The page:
In 1866, many Americans felt that the Union had not been adequately reconstructed, that the way freedom had been defined for black Americans was not adequate, and that Presidential Reconstruction had led to neither healing nor justice. As a result, a majority Republican Congress was elected and pushed for the passage of the Reconstruction Acts of 1867, which enacted the plan that became known as Radical Reconstruction. Here, measures of those laws are laid out.
The South was divided into five military districts and governed by military governors until acceptable state constitutions could be written and approved by Congress.
All males, regardless of race, but excluding former Confederate leaders, were permitted to participate in the constitutional conventions that formed the new governments in each state.
New state constitutions were required to provide for universal manhood suffrage (voting rights for all men) without regard to race.
States were required to ratify the Fourteenth Amendment in order to be readmitted to the Union.
Students explore the potential negative impact of images through the social media protest #IfTheyGunnedMeDown and develop a decision-making process for choosing imagery to represent controversial events.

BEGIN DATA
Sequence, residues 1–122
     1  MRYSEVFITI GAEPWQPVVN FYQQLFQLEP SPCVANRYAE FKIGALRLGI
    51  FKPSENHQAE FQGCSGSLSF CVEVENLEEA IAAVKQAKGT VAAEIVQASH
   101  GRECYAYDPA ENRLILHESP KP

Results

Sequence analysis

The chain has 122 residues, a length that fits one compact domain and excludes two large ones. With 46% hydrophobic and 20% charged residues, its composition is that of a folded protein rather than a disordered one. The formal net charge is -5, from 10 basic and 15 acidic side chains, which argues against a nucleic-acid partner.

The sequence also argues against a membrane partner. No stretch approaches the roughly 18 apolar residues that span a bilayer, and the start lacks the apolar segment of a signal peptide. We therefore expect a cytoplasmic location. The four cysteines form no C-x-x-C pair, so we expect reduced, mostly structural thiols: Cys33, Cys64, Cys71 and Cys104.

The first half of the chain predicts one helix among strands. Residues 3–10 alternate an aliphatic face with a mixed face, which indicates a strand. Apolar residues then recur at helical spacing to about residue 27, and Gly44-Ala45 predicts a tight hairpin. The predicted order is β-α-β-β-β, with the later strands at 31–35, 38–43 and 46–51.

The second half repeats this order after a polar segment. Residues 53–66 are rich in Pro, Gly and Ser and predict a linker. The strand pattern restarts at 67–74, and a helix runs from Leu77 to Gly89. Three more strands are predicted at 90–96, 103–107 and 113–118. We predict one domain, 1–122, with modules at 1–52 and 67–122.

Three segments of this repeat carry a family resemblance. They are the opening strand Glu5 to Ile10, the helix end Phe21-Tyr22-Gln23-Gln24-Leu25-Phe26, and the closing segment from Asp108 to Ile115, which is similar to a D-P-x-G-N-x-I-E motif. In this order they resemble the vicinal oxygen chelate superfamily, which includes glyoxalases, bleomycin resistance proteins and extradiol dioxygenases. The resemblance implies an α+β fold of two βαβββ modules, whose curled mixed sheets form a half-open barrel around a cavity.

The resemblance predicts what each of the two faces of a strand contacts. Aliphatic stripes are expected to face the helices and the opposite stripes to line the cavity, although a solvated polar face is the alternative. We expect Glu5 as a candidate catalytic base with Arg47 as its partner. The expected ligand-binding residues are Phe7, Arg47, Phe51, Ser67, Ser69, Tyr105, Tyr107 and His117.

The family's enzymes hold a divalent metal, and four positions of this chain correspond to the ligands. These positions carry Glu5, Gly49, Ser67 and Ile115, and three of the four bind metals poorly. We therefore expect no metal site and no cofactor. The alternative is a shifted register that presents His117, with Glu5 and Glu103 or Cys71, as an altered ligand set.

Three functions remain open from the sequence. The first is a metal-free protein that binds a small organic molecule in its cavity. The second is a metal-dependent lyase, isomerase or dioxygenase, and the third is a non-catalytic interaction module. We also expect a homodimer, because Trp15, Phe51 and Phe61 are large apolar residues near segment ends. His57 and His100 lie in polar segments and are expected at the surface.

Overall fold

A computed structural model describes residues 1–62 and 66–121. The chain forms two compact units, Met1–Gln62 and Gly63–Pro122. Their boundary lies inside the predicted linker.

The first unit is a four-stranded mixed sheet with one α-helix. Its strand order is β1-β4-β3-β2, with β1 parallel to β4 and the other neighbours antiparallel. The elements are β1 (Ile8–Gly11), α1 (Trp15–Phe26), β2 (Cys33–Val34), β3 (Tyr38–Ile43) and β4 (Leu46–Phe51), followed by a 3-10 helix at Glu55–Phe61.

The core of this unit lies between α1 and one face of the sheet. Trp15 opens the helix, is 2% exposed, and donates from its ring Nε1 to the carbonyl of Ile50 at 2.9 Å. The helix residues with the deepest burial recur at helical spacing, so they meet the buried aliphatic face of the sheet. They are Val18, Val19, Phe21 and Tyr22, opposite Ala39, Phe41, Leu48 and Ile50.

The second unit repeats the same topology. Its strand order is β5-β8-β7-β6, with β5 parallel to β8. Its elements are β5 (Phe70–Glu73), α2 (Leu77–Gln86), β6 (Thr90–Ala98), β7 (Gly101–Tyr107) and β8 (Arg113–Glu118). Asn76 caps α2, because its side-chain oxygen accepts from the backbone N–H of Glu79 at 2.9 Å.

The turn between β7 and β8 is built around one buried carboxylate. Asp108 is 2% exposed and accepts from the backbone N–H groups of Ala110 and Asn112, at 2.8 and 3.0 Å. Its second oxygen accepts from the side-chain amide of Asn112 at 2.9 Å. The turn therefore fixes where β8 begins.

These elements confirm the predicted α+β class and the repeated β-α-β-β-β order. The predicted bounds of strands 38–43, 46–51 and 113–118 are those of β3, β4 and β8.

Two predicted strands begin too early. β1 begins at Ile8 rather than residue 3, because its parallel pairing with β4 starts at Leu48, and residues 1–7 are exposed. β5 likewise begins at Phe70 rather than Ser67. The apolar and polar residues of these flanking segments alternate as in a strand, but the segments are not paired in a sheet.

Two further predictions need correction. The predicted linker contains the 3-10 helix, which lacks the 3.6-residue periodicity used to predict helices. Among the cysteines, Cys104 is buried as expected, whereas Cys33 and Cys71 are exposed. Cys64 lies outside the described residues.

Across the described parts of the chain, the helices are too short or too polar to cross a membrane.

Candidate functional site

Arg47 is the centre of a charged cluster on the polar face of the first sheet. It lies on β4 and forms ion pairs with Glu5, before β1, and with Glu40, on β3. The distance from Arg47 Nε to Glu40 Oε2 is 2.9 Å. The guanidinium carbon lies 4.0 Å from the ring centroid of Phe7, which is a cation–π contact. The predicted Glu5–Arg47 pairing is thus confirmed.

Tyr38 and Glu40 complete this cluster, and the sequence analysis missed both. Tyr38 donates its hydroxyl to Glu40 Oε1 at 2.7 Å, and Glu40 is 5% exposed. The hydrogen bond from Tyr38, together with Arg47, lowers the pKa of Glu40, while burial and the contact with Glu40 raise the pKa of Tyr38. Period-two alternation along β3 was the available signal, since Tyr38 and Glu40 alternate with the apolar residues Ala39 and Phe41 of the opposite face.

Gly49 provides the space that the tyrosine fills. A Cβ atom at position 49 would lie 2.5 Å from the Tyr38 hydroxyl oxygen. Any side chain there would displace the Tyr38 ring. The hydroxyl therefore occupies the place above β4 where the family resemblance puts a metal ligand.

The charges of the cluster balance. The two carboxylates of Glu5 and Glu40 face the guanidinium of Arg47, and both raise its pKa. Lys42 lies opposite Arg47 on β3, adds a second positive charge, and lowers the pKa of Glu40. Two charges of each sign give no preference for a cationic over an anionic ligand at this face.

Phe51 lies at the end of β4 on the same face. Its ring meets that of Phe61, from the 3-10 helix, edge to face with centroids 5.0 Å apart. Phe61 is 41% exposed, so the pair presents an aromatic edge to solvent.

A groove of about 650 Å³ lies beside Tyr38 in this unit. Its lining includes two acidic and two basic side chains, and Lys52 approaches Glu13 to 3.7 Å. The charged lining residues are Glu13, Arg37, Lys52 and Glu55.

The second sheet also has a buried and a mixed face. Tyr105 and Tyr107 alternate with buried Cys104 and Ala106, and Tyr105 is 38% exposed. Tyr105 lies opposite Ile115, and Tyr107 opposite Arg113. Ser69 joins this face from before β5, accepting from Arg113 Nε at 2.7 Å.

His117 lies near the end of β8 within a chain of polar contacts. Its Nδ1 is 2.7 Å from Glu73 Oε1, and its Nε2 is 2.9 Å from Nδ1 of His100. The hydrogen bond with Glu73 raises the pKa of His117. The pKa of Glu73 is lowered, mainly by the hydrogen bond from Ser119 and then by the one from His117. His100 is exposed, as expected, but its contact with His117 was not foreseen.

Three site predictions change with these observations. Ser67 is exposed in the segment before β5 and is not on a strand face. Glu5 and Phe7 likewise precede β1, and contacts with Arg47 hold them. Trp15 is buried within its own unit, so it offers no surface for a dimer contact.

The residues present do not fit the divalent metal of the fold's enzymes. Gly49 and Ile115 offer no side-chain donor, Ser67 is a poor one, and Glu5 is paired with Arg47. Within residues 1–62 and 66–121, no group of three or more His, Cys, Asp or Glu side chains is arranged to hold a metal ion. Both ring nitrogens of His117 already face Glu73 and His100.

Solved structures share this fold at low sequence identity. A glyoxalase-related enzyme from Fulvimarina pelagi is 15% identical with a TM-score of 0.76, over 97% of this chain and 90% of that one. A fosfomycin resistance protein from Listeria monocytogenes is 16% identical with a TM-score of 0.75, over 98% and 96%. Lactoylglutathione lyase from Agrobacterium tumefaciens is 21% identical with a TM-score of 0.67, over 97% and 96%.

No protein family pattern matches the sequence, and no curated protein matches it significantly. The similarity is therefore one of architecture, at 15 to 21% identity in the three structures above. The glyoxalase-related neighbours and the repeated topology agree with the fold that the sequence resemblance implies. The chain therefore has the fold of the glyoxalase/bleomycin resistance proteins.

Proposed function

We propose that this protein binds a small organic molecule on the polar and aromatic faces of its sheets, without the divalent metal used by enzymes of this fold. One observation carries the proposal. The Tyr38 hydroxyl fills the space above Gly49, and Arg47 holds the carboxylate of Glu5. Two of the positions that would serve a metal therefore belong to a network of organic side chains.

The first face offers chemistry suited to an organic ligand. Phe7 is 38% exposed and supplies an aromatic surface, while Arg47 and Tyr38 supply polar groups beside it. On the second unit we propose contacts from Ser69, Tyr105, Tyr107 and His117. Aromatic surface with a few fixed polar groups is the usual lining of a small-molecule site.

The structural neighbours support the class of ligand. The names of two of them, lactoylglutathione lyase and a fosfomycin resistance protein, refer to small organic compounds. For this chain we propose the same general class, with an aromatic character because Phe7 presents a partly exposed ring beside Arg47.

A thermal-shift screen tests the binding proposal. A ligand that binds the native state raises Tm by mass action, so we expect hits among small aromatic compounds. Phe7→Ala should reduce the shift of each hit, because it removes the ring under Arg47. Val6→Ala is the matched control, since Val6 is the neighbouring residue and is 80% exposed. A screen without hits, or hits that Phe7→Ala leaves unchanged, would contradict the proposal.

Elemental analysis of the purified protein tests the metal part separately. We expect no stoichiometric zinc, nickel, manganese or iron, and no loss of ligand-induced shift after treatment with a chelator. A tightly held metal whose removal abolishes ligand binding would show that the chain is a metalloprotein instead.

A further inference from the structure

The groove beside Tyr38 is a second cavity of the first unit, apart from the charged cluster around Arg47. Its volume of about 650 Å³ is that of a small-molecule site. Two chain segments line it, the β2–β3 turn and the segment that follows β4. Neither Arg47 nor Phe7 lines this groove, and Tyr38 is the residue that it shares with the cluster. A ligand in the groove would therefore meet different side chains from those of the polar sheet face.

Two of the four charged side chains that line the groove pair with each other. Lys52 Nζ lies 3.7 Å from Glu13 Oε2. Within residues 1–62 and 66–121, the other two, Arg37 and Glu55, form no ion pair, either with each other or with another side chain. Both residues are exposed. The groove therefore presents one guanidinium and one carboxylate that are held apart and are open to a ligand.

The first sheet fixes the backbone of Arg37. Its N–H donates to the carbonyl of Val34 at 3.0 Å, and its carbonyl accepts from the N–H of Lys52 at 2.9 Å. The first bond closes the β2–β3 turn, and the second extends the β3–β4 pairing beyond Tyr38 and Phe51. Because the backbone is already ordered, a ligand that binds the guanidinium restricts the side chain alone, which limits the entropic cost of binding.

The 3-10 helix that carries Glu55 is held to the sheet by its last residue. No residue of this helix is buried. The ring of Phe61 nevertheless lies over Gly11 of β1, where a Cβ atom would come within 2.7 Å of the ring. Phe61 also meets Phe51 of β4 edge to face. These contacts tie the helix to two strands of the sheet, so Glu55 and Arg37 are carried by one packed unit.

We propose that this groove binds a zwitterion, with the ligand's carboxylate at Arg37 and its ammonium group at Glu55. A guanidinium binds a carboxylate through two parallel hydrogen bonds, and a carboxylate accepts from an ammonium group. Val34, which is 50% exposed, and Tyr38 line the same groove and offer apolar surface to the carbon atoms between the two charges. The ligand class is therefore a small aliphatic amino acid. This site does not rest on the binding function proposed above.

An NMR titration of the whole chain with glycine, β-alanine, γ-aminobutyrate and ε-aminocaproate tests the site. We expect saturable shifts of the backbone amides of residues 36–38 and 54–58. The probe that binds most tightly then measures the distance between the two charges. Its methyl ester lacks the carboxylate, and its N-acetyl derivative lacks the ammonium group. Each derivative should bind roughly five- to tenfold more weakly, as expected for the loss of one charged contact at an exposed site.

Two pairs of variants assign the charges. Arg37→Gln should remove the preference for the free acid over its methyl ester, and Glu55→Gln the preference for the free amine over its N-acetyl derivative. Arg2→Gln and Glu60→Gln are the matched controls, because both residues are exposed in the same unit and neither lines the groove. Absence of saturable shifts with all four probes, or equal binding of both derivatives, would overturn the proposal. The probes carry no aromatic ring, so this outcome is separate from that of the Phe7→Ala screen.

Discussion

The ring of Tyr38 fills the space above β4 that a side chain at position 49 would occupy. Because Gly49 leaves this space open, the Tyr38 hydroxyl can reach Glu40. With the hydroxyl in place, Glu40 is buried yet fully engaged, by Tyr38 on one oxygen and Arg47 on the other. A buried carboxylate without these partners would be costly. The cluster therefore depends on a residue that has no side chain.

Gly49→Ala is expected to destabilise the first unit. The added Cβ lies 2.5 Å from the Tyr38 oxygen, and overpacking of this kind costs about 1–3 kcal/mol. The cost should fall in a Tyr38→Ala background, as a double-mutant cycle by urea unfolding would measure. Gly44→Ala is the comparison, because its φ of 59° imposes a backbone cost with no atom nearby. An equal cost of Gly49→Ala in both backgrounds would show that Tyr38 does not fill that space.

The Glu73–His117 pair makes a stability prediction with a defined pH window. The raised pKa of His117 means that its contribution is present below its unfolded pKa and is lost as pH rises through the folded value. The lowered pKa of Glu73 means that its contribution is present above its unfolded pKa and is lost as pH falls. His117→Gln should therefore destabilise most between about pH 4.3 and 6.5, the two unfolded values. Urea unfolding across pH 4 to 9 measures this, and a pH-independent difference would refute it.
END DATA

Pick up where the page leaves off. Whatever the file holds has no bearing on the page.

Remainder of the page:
Students examine how identity and biases can impact how individuals interpret images and experience the challenge of selecting images to represent news events, particularly connected to sensitive issues.
Students establish a safe space for holding sensitive conversations, before introducing the events surrounding Ferguson, by acknowledging people's complicated feelings about race and creating a classroom contract.
Students explore the role of social media in Ferguson, apply information verification strategies to social media posts, and develop strategies for becoming critical consumers and sharers of social media.